The key findings in both the rulings hinges on the procedural provisions of the Agreement. It was found that, having initiated the process for the conversion of the OCRPS which process was held up owing to dispute around, inter alia, valuation, Kotak could not have initiated a separate right for the redemption of the very same OCRPS during the pendency of the dispute.
It is imperative that procedural provisions of investment documents align with the commercial requirements of investors and enable investors to resort to a parallel stream of rights available in the document. For the purpose, it is crucial that precise parties are subject to clear timelines for the completion of actions requirement under the relevant document.
This becomes all the more crucial in the case of the investor’s exit rights; sufficient flexibility should be built into drafts to ensure that the investor is not denied a favourable exit and to secure the investor protection as to pricing of its securities.
b. Dealing with valuation provisions and commercial formulae
The Agreement provided that the range of conversion would be between 10 to 30 percent, depending on the valuation of the OCPRS.
In order to pre-empt disputes with respect to valuation matters, as in this case, parties may consider providing for an arrangement whereby valuation matters may be resolved without the need to invoke dispute resolution mechanism under the investment agreement.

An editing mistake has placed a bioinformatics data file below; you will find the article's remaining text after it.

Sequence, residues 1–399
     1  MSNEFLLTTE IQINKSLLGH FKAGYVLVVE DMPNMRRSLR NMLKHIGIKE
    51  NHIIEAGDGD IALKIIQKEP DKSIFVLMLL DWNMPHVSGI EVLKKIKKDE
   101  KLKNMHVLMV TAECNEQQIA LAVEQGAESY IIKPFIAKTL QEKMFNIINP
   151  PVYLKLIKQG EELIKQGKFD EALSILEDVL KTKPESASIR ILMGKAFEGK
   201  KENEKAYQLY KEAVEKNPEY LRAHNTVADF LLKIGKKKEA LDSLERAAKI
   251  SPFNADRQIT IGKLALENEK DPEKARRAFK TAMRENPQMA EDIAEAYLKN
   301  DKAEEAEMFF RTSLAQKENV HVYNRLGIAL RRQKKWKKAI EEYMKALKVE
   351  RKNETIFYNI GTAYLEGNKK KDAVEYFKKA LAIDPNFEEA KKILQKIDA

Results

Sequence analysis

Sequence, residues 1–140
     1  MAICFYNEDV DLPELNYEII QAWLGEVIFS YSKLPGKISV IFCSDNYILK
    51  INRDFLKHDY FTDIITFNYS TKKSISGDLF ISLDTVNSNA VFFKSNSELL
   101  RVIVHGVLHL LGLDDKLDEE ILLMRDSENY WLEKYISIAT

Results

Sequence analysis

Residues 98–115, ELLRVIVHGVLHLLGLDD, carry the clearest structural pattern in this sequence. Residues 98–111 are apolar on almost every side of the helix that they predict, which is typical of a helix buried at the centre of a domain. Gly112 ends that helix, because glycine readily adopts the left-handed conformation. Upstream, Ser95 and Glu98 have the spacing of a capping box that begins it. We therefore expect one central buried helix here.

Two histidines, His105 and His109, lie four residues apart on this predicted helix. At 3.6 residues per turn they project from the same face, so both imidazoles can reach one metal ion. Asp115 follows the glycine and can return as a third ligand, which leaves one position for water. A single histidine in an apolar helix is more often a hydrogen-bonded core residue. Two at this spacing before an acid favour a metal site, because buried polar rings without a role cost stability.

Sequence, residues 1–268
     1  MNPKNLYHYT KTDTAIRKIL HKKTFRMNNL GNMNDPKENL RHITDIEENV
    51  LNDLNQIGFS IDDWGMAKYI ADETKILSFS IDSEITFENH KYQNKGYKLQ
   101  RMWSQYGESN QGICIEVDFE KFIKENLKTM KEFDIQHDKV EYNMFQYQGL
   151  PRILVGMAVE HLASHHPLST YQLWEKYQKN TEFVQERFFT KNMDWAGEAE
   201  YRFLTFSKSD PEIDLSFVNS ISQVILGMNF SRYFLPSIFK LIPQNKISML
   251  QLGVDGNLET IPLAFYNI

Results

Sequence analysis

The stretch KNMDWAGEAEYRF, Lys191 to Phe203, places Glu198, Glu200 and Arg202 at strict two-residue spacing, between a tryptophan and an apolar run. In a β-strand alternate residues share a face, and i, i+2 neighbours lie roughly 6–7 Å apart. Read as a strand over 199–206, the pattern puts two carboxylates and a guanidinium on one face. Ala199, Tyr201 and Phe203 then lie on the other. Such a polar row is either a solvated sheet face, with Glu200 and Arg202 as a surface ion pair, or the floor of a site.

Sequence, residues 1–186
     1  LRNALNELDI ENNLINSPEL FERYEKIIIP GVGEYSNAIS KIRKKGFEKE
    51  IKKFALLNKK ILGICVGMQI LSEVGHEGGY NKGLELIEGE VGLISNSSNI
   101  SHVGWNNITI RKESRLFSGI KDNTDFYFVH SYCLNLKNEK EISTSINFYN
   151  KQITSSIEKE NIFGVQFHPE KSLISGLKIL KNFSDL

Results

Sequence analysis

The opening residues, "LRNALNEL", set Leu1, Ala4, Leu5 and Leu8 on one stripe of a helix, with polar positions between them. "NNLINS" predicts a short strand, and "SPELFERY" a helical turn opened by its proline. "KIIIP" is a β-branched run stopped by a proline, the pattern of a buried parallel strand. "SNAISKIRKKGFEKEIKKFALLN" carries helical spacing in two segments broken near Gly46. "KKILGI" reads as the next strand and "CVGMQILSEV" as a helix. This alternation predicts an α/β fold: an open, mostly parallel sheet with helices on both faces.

For instance, parties may choose to allow valuation mismatches within a small range (say, a 2% range of variation) to be resolved by settling upon the mean between the two numbers arrived at, or by agreeing to the higher of the two valuation numbers.
An alternative mechanism may involve the appointment of a neutral accountant or valuation expert to review the valuation methodology adopted by the parties and to deliver a final valuation to the parties, which number shall be final and binding. In such cases, it is imperative that the parties agree upon the scope of the expert’s review in the investment documents itself.
Finally, where relevant, the investment documents should carry sufficient illustrations and working examples to mitigate against any contrary interpretations being lent to ambiguity of commercial terms used in the formulae.